Mentions: The clonally derived NS cell line NS-5 generated from mouse ES cells was propagated and passaged according to Conti et al. [35] (Fig. 1A). To promote oligodendroglial differentiation cells were cultured on polyornithine/laminin coated dishes in medium containing N2 supplement plus FGF2, platelet-derived growth factor (PDGF) and forskolin, a growth factor combination known to enhance oligodendrocyte progenitor proliferation. After 4 days this condition resulted in a population of small cells with condensed cell bodies and short processes (Fig. 1B). Terminal differentiation was initiated by a 4-day-growth factor withdrawal in the presence of the thyroid hormone tri-iodothyronine (T3) and ascorbic acid [38]. Under these conditions, NS cells efficiently differentiated into oligodendrocytes, astrocytes and neurons (Fig. 1C,D). Quantitative results of the antigenic marker expression are summarized in Fig. 2A. Differentiated cultures contained 21±4% O4-positive oligodendrocytes (Fig. 2B), 45±9% of the cells expressed the astrocytic marker GFAP (Fig. 2C,D) and a fraction of 11±3% was found to be positive for the neuronal antigen ß-III tubulin/TUJ1 (Fig. 2C). Oligodendroglial differentiation could also be demonstrated by labelling with the RIP antibody, which recognizes 2′,3′-cyclic nucleotide 3′-phosphodiesterase (CNPase) in oligodendrocytes [39] (Fig. 2D). Furthermore, cells with ramified processes and characteristic oligodendroglial morphology expressed myelin proteolipid protein (PLP) (Fig. 2E). Similar data have been obtained with NS cells derived from foetal mouse brain (Sandra G. Lopez & Steven M. Pollard, data not shown).

Bottom Line: Here we provide evidence that NS cells are indeed tripotent.Mature oligodendroglial differentiation was confirmed by transplantation data showing that NS cell-derived oligodendrocytes ensheath host axons in the brain of myelin-deficient rats.In addition to delineating NS cells as a potential donor source for myelin repair, our data strongly support the view that these adherently expandable cells represent bona fide tripotential neural stem cells.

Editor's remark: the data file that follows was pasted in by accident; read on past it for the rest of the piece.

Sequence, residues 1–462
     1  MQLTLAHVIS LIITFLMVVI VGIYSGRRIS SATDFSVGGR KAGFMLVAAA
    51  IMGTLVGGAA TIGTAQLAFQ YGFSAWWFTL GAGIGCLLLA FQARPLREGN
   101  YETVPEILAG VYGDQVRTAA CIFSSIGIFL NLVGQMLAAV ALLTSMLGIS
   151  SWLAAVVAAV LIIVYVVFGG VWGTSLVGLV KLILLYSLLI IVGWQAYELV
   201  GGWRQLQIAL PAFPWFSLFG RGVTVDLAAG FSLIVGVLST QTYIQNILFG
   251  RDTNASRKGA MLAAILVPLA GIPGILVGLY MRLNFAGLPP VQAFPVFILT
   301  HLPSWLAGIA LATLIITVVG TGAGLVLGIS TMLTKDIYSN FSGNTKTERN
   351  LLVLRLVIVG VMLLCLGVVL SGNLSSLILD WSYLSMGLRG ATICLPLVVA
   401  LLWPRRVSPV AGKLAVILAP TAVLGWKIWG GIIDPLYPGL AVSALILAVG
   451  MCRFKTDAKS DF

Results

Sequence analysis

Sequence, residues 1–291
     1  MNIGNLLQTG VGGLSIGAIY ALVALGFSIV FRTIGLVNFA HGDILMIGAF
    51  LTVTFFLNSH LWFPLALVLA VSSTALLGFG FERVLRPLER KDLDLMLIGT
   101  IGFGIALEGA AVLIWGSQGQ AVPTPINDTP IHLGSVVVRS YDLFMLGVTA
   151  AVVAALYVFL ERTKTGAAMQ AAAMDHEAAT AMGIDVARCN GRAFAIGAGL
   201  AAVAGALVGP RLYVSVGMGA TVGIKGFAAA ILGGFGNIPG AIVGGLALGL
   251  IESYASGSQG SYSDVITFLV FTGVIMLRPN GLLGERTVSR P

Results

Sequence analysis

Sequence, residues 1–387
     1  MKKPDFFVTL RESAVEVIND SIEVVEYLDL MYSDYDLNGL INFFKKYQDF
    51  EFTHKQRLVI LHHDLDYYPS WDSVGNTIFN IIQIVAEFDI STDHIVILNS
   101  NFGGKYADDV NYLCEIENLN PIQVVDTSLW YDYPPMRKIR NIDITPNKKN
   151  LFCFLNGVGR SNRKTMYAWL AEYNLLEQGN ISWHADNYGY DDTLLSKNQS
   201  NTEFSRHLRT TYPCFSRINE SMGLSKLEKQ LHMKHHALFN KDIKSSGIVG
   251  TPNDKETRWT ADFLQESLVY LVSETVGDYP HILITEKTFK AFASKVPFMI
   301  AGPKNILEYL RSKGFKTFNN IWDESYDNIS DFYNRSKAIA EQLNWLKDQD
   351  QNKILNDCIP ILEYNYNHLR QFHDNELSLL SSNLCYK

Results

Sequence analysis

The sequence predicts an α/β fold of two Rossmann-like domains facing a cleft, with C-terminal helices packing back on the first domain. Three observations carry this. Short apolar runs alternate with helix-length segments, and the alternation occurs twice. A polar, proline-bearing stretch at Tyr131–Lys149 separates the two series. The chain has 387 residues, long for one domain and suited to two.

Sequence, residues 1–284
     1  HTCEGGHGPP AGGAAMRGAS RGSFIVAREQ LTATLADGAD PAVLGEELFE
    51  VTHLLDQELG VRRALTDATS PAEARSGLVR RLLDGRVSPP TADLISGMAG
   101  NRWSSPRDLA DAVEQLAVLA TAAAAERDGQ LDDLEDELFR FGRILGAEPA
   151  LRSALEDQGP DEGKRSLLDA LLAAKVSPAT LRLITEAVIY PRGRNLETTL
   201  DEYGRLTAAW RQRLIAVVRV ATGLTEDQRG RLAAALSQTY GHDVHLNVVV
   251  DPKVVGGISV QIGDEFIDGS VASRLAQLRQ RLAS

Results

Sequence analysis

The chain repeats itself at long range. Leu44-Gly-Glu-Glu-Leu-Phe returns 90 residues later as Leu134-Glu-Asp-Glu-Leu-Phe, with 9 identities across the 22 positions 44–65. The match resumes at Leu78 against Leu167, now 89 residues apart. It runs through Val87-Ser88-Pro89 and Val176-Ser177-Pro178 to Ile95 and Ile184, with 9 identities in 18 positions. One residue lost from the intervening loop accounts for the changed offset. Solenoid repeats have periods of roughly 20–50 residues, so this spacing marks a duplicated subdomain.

View Article: PubMed Central - PubMed

Affiliation: Institute of Reconstructive Neurobiology, LIFE & BRAIN Center, University of Bonn and Hertie Foundation, Bonn, Germany.

ABSTRACT

Background: A recent study has shown that pure neural stem cells can be derived from embryonic stem (ES) cells and primary brain tissue. In the presence of fibroblast growth factor 2 (FGF2) and epidermal growth factor (EGF), this population can be continuously expanded in adherent conditions. In analogy to continuously self-renewing ES cells, these cells were termed 'NS' cells (Conti et al., PLoS Biol 3: e283, 2005). While NS cells have been shown to readily generate neurons and astrocytes, their differentiation into oligodendrocytes has remained enigmatic, raising concerns as to whether they truly represent tripotential neural stem cells.

Methodology/principal findings: Here we provide evidence that NS cells are indeed tripotent. Upon proliferation with FGF2, platelet-derived growth factor (PDGF) and forskolin, followed by differentiation in the presence of thyroid hormone (T3) and ascorbic acid NS cells efficiently generate oligodendrocytes ( approximately 20%) alongside astrocytes ( approximately 40%) and neurons ( approximately 10%). Mature oligodendroglial differentiation was confirmed by transplantation data showing that NS cell-derived oligodendrocytes ensheath host axons in the brain of myelin-deficient rats.

Conclusions/significance: In addition to delineating NS cells as a potential donor source for myelin repair, our data strongly support the view that these adherently expandable cells represent bona fide tripotential neural stem cells.

Show MeSH
Related in: MedlinePlus